This research experiment will be repeated to officially confirm glyphosate resistance in these common waterhemp populations. For updates on Wisconsin weeds please visit our Wisconsin Crop Weed Science website at http://wcws.cals.wisc.edu/. Further information on controlling common waterhemp or other glyphosate-resistant weeds can be found at: http://takeactiononweeds.com/. Finally, if you believe you may be facing glyphosate-resistant weeds in your fields, contact your local county extension agent and/or Dr. Vince Davis at vmdavis@wisc.edu or (608) 262-1392.

References:

  1. Bell MS, Hager AG, Tranel PJ (2013) Multiple Resistance to Herbicides from Four Site-of-Action Groups in Waterhemp (Amaranthus tuberculatus). Weed Science 61:460-468
  2. Bensch CN, Horak MJ, Peterson D (2003) Interference of redroot pigweed (Amaranthus retroflexus), Palmer amaranth (A. palmeri), and common waterhemp (A. rudis) in soybean. Weed Science 51:37-43
  3. Heap I (2013) The International Survey of Herbicide Resistant Weeds: Web page. http://www.weedscience.com/Summary/home.aspx. Accessed April 01, 2013
  4. Horak MJ, Loughin TM (2000) Growth Analysis of Four Amaranthus Species. Weed Science 48:347-355
  5. McMullan PM, Green JM (2011) Identification of a Tall Waterhemp (Amaranthus tuberculatus) Biotype Resistant to HPPD-Inhibiting Herbicides, Atrazine, and Thifensulfuron in Iowa. Weed Technology 25:514-518
  6. Sellers BA, Smeda RJ, Johnson WG, Kendig JA, Ellersieck MR (2003) Comparative Growth of Six Amaranthus Species in Missouri. Weed Science 51:329-333
  7. Steckel LE, Sprague CL (2004) Common waterhemp (Amaranthus rudis) interference in corn. Weed Science 52:359-364
  8. Steckel LE, Sprague CL, Hager AG, Simmons FW, Bollero GA (2003) Effects of shading on common waterhemp (Amaranthus rudis) growth and development. Weed Science 51:898-903

Late-season weed escape survey in Wisconsin identifies a second county with a glyphosate-resistant horseweed population

Ross Recker (Graduate Research Assistant), John Buol (Undergraduate Research Assistant), and Vince Davis (Assistant Professor) Department of Agronomy, UW-Madison

Glyphosate-resistant weeds continue to be a major threat to corn and soybean production across the Nation. A pro-active survey of late-season weed escapes in corn and soybean fields was conducted throughout Wisconsin in 2012 and 2013. One objective of the survey was to identify areas where populations of glyphosate-resistant weeds may exist.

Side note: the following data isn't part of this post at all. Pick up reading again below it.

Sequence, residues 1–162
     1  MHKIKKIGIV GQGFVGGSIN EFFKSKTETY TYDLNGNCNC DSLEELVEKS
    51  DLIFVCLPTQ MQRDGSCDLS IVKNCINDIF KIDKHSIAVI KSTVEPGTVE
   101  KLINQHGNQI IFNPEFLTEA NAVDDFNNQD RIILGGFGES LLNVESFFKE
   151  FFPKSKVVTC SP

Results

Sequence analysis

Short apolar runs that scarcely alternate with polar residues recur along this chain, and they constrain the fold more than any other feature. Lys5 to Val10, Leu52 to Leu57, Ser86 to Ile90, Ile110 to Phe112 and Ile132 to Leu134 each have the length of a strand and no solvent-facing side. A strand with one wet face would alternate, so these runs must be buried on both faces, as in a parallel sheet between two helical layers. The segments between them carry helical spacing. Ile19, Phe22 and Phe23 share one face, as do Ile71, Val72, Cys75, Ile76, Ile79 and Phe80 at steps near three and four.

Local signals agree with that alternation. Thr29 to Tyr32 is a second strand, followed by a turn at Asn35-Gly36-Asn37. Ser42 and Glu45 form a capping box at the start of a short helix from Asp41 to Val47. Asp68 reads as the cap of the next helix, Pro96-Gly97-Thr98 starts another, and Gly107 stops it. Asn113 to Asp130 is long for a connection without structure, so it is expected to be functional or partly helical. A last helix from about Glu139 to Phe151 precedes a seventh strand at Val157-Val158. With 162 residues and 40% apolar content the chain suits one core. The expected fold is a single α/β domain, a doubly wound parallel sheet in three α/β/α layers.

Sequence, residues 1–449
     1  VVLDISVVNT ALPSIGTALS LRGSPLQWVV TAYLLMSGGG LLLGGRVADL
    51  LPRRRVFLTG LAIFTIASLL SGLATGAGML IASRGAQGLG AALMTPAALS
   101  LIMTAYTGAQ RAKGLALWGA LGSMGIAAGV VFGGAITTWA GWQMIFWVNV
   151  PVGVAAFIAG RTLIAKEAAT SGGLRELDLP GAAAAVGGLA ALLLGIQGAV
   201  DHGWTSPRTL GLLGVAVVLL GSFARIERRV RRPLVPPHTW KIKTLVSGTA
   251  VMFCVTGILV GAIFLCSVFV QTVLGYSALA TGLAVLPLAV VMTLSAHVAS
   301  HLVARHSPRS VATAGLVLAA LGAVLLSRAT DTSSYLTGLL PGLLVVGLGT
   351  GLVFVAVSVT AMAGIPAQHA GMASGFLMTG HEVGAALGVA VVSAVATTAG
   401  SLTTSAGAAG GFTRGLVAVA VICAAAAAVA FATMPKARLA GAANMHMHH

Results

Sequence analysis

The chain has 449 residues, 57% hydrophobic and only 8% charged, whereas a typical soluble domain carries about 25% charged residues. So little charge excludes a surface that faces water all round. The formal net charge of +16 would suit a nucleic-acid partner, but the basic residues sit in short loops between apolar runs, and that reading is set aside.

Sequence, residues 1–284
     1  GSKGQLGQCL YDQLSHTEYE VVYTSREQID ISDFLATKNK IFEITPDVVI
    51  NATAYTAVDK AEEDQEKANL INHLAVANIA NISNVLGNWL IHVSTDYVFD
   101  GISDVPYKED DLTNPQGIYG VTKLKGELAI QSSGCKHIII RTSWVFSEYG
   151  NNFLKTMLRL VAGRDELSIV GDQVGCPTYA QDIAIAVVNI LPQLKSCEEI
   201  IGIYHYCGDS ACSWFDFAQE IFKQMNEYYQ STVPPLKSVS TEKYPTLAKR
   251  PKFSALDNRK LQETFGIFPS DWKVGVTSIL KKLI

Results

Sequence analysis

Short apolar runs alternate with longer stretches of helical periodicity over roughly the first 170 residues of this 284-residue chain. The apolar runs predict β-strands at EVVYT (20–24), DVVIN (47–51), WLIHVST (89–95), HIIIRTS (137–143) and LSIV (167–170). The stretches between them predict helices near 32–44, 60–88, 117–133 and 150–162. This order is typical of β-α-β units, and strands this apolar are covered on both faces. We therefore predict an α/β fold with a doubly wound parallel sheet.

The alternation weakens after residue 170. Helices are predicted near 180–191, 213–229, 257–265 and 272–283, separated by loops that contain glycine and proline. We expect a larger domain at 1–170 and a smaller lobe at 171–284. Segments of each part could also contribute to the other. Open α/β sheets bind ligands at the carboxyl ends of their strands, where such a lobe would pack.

In 2012, a population of horseweed (Conyza Canadensis) collected from Jefferson County, and glyphosate screening in the greenhouse confirmed it was glyphosate-resistant with a 6-fold tolerance compared to a susceptible population. This announcement and more information about horseweed biology and management were previously reported and can be read here.

During the 2013 late-season survey, another putative glyphosate-resistant horseweed population was collected from Columbia County. Again whole-plant dose response experiments were recently conducted in the greenhouse and results confirm this population is also nearly six-fold glyphosate-resistant (Figure 1).


Figure 1. Shoot dry biomass of Columbia County horseweed and susceptible horseweed following treatment with glyphosate at doses up to 3.48 kg ae ha-1 as estimated by a four-parameter log-logistic regression function.

Figure 1. Shoot dry biomass of Columbia County horseweed and susceptible horseweed following treatment with glyphosate at doses up to 3.48 kg ae ha-1 as estimated by a four-parameter log-logistic regression function.

The horseweed seeds were collected from mature plants in a soybean field with a history of no-till, corn/soybean rotation, and glyphosate use. These plants displayed symptomology at the time of collection including shortened internodes (Figure 2) and were scattered randomly at low densities in about a 2 to 3 acre patch. If you have horseweed or other weeds that survive postemergence applications, you should have concern about herbicide resistance. Contact your local county Ag Extension Agent who can help you further evaluate the situation and plan a pro-active resistant management program so you can take action against herbicide resistance.


Figure 2. Horseweed plant late in the 2013 growing season that was not controlled with a previous postemergence glyphosate application in a no-till soybean field in Columbia County, Wisconsin.

Figure 2. Horseweed plant late in the 2013 growing season that was not controlled with a previous postemergence glyphosate application in a no-till soybean field in Columbia County, Wisconsin.

Updated 2013 WCWS Research Report


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The 2013 WCWS Research Report is now updated with nine corn and seven soybean herbicide evaluation trials. Some highlights include:

  • Redroot pigweed and wild buckwheat efficacy data on pages 19 to 31.
  • Liberty Link system comparisons of PRE+EPOST, PRE+MPOST, and EPOST+MPOST programs on pages 81 to 91.
  • Dandelion control with preplant-incorporated herbicides on pages 1 to 6.
  • Comparisons of corn PRE only, PRE_POST, and POST only programs on pages 7 to 13 and 48 to 55.